Encapsulation: a means to various ends
Linda M. Ohr
To serve and protect” defines the purpose of encapsulation. It is a process used to protect or separate individual ingredients and control their release in foods. A variety of encapsulated ingredients, like acidulants, salts, leavening agents and nutrients, provide different functionalities in food. These include oxidative and moisture protection, shelf life extension, improved process control, floor time flexibility and taste masking of vitamins and minerals.
The industry uses several methods to encapsulate an ingredient inside a film or coating. Fluid bed coating is the most common. Other processes include spray chilling, spinning disk and coacervation. How the ingredient is released into the food depends on the type of coating and method used. Most commonly, an increase in temperature combined with ingredient interaction initiates the release. Other methods of release are enzymatic or pH effects, mastication or digestion.
The World Of Encapsulation
Encapsulated acidulants are used to protect the protein matrix in dry and semi-dry, shelf-stable acidified sausages during production. Encapsulation prevents the acid from lowering the pH of the sausage which would lead to denaturation of the protein matrix. Use of the protected acid also increases sausage production rate by eliminating the fermentation step.
Gary Zick, owner of Zicks Specialty Meats Inc., Berrien Springs, Mich., uses encapsulated citric acid from Balchem Corp., Slate Hill, N.Y., in Zick Sticks, a snack stick sausage product sold in convenience stores. Working with various types of meat, this ingredient provides a way to consistently lower the pH in each. Zick points out that since he started using encapsulated citric acid, he has found it to have advantages. Besides the consistency, Zick says that the encapsulated citric acid is stable throughout the smokehouse process, and adds that storage problems have not resulted.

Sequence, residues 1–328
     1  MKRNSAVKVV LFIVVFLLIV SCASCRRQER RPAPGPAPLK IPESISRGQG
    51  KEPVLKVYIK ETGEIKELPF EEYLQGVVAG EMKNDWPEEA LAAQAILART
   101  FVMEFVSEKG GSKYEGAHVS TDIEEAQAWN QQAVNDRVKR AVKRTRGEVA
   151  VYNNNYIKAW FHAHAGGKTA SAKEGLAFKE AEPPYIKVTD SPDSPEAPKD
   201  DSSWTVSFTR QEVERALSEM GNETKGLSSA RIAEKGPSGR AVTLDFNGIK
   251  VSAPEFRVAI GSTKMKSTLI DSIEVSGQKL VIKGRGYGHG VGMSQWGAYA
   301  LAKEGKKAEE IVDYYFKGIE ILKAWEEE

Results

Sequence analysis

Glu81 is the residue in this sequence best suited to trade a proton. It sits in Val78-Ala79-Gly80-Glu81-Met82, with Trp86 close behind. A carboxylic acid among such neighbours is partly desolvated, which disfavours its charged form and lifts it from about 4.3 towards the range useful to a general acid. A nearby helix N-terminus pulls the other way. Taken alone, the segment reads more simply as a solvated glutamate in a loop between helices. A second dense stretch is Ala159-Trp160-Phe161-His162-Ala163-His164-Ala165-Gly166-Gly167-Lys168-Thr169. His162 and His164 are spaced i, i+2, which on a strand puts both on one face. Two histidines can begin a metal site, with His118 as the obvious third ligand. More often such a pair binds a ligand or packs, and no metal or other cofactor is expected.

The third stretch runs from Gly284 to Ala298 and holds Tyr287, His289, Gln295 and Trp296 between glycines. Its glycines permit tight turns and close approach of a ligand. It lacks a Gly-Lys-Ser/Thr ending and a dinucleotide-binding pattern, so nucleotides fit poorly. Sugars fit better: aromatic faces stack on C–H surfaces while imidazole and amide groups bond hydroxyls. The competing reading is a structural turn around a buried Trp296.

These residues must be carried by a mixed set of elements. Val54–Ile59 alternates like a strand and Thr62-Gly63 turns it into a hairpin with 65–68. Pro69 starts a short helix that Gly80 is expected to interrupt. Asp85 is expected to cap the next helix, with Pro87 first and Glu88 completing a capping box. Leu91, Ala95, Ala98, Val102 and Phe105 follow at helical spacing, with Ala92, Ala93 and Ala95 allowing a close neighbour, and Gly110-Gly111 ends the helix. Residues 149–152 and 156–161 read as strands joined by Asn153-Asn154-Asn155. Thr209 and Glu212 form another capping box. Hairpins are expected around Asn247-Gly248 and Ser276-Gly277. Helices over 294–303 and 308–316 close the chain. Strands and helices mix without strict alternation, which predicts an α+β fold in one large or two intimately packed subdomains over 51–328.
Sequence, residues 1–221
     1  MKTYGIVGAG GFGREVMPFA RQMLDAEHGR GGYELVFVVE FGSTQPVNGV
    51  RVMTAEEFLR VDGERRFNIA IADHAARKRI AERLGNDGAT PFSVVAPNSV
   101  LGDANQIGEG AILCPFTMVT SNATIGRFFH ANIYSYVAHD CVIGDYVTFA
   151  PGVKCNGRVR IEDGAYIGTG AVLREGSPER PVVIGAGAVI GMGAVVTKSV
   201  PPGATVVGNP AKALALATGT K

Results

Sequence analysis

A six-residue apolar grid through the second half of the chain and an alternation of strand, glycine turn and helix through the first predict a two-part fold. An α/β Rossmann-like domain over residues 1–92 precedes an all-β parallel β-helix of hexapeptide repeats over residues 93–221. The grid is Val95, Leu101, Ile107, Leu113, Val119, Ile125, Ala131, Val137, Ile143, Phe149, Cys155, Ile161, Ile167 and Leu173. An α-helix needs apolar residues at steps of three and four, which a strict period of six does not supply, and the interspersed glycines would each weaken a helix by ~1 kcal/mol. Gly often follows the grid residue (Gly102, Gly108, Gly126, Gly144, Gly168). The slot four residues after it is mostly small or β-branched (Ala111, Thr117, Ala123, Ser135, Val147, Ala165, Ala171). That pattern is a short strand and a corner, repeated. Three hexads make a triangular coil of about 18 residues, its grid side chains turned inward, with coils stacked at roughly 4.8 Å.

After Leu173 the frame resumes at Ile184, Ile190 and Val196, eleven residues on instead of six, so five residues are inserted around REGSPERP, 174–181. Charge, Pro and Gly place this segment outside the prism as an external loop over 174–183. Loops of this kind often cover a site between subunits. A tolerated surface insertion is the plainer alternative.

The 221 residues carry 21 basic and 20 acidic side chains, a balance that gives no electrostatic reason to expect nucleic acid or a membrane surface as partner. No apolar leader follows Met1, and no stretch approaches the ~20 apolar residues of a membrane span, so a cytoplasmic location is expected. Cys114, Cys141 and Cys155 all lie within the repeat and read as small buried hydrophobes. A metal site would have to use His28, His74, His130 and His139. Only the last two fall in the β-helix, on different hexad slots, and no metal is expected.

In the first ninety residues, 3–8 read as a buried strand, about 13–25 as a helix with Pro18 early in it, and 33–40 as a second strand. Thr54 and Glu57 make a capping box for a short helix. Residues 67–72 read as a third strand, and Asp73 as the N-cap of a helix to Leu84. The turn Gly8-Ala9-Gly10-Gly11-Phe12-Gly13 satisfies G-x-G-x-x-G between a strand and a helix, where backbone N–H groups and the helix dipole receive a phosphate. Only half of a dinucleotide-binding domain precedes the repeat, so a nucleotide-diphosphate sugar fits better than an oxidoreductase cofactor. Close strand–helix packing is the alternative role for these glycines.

In the confectionery industry, encapsulated acidulants, like citric acid, impart flavor and extend shelf life of sanded gummy candies. Marc Meyers, commercial research director, Balchem Corp., Slate Hill, N.Y., explains, “The majority of the time, the candies are packaged in a minimum barrier packaging that gets exposed to high humidity conditions.
“Citric acid is hygroscopic and will absorb moisture. As this occurs, the acid becomes activated and attacks the gelatin matrix of the candy. As the acid hydrolyzes the gelatin, it increases moisture uptake in the product. The candy becomes liquid in appearance, and sticks to the package,” adds Meyers. Encapsulating the acid prevents this from happening.
Encapsulation has found its way into infant formulas. Meyers explains that sensitive ingredients like iron and copper, which are present in milk-based formulas, can be encapsulated. This prevents these catalysts from interacting with milk fat and developing oxidized off-odors and flavors.
Fortification of baked goods has been made easier with Balchem’s newest encapsulated ingredient, bake-stable CAP-SHURE[R] VITAMIN-C. Vitamin C, which is heat labile, is encapsulated with a heat stable protective coating. Meyers says that this can be used in baked bread or other baked goods because of its ability to survive baking temperatures. The Nutrition Labeling & Education Act of 1990 requires vitamin C to be listed on labels. Most baked goods report 0% vitamin C because of its instability in heat. By encapsulating vitamin C, food processors can claim their baked goods are fortified.
Offered through Balchem Corp. is its line of CAP-SHURE[R] encapsulated ingredients. All serve to protect food matrices, prevent unfavorable organoleptic changes, extend shelf life, mask off flavors, fortify foods, and so on, and so on.
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